If you don’t know what “deep packet inspection” is, think of “Big Brother” using the internet.
The ISPs are making lots of noise about bandwidth and the need to ration it out based on who’s using it for what purpose. If we take a look at what is coming down the pipe…
Source: Data Ellacoya Networks, graph courtesy of Ars Technica
…you see the largest slice of the pie is HTTP traffic. According to a study done by Ellacoya Networks, a maker of DPI gear, 45% of HTTP traffic is plain old web pages with the rest made up mostly YouTube’s streaming video (36%) and 5% from streaming audio. Note that the bogeyman app P2P is 37% of traffic.
The ISPs want to use Data Packet Inspection gear to better manage traffic over their networks. The basic argument is that expanding the network to allow users unlimited downloading places a cost burden on them and it’s unfair for users as well; some use the internet for just email and light browsing and these folks are subsidizing the folks downloading gazillions of movies and other large files.
DPI technology allows ISPs to drill down into each packet that crosses their network and see exactly what it is – email, video, whatever. What it also allows is the ability of ISPs to direct targeted advertising to each user based on what’s going on at this PC. More sinister is the ability to throttle certain traffic – a competitive VOIP or video service – if it so chooses. While this apparently is not happening, it’s definitely possible.
Currently ISPs are using this gear to manage the traffic over their networks – the term “traffic shaping” pops up in this regard. Call it whatever, it’s managing what you do at the micro level.
This issue has bubbled up because there are hearings going on in Washington – to wit:
“The Subcommittee on Communications, Technology, and the Internet held a hearing titled, “Communications Networks and Consumer Privacy: Recent Developments” on Thursday, April 23, 2009, in 2322 Rayburn House Office Building. The hearing focused on technologies that network operators utilize to monitor consumer usage and how those technologies intersect with consumer privacy. The hearing explored three ways to monitor consumer usage on broadband and wireless networks: deep packet inspection (DPI); new uses for digital set-top boxes; and wireless Global Positioning System (GPS) tracking.”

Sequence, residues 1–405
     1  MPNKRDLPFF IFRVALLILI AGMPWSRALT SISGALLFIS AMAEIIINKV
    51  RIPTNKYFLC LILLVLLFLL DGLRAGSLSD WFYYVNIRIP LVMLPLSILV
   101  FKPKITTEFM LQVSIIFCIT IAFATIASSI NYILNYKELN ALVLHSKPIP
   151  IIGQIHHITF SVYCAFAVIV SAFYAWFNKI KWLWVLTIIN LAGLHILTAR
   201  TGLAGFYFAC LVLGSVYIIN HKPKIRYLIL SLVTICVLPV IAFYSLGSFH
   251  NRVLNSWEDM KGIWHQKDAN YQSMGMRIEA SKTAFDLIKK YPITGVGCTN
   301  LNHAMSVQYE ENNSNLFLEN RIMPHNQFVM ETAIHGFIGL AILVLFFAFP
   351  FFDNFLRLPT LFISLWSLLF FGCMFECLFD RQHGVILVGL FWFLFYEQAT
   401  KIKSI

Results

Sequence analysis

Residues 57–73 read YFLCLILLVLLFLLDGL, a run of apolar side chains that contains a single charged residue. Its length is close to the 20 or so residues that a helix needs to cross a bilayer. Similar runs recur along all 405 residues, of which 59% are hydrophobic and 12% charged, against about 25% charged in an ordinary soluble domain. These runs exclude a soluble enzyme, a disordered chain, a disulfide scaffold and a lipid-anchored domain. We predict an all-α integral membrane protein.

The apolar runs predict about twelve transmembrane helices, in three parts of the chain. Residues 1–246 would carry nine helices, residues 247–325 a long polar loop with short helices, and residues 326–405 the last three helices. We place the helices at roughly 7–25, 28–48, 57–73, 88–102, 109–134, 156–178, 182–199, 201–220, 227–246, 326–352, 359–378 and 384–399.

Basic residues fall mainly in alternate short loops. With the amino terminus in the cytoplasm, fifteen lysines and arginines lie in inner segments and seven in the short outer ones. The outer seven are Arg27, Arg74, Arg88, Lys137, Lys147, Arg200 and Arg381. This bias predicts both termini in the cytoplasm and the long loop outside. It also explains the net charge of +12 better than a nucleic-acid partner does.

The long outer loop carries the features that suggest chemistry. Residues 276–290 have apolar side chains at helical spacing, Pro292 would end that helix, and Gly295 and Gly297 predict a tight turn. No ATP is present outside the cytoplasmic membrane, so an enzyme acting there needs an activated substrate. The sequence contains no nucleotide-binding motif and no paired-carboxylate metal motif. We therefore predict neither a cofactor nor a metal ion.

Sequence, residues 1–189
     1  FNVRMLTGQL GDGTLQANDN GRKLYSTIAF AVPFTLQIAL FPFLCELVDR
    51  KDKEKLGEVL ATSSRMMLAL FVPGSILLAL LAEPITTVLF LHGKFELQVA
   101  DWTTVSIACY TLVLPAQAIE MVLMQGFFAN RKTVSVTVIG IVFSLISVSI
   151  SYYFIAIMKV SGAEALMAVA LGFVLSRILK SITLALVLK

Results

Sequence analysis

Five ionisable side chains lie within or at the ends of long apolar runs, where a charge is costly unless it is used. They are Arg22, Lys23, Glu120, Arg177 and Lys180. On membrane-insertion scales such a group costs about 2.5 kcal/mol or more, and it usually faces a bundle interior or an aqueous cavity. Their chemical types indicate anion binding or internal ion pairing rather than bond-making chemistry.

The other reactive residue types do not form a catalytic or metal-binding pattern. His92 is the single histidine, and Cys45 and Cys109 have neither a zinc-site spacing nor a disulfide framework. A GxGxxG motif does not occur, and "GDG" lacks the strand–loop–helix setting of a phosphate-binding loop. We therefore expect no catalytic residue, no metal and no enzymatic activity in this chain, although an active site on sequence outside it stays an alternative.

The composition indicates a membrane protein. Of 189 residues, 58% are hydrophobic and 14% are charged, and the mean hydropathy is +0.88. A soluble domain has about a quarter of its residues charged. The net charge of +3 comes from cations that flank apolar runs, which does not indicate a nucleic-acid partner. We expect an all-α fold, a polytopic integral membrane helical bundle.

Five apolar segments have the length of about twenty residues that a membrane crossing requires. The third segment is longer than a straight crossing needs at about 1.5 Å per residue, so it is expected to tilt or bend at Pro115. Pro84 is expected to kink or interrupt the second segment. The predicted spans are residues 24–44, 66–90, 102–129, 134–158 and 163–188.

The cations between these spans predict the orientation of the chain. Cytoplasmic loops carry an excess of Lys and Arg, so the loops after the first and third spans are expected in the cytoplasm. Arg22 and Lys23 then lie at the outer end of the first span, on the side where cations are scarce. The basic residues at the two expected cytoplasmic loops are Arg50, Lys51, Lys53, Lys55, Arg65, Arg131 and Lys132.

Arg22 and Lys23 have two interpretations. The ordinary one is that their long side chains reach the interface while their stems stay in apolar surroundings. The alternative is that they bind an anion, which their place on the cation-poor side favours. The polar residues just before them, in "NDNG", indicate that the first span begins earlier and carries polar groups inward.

The Committee is chaired by Rick Boucher, D-Va, who said:
“[DPI’s] privacy intrusion potential is nothing short of frightening. The thought that a network operator could track a user’s every move on the Internet, record the details of every search and read every email or attached document is alarming.”
Predictably, advocates on the ISP side are saying that we can take care of ourselves with self-regulation – trust us. Privacy advocates take the opposite view and look at potential DPI abuses with alarm. The postal analogy: How would you feel if the Post Office opened every piece of mail you received? And based on what they saw, insert ad inserts which target you based on what they saw in your mail?
My take on this is that the “trust me” approach does not work – a BIG BUST in the mortgage market should sour anyone on “enlightened self-regulation”. I’m also not a big fan of “pay by the drink” pricing for internet use – the deleterious impact on bandwidth intensive services that potentially offer more competitive video services only further solidifies the local monopoly positions enjoyed by many ISPs. It does appear that the “bandwidth is expensive” argument is not all that compelling in the light of technologies which are offering higher speeds at low incremental prices.
Frankly I just don’t trust the ISPs to keep a hands-off policy when it comes to DPI and I certainly don’t believe that network costs are the driving factor behind utility pricing schemes. Internet usage is growing by leaps and bounds and some ISPs are salivating at the thought of monetizing traffic. Thankfully there are some in Congress that seem to be listening to the non-industry side and align with our interests.
Keep you eye on this area – it’s a pocketbook issue for all of us.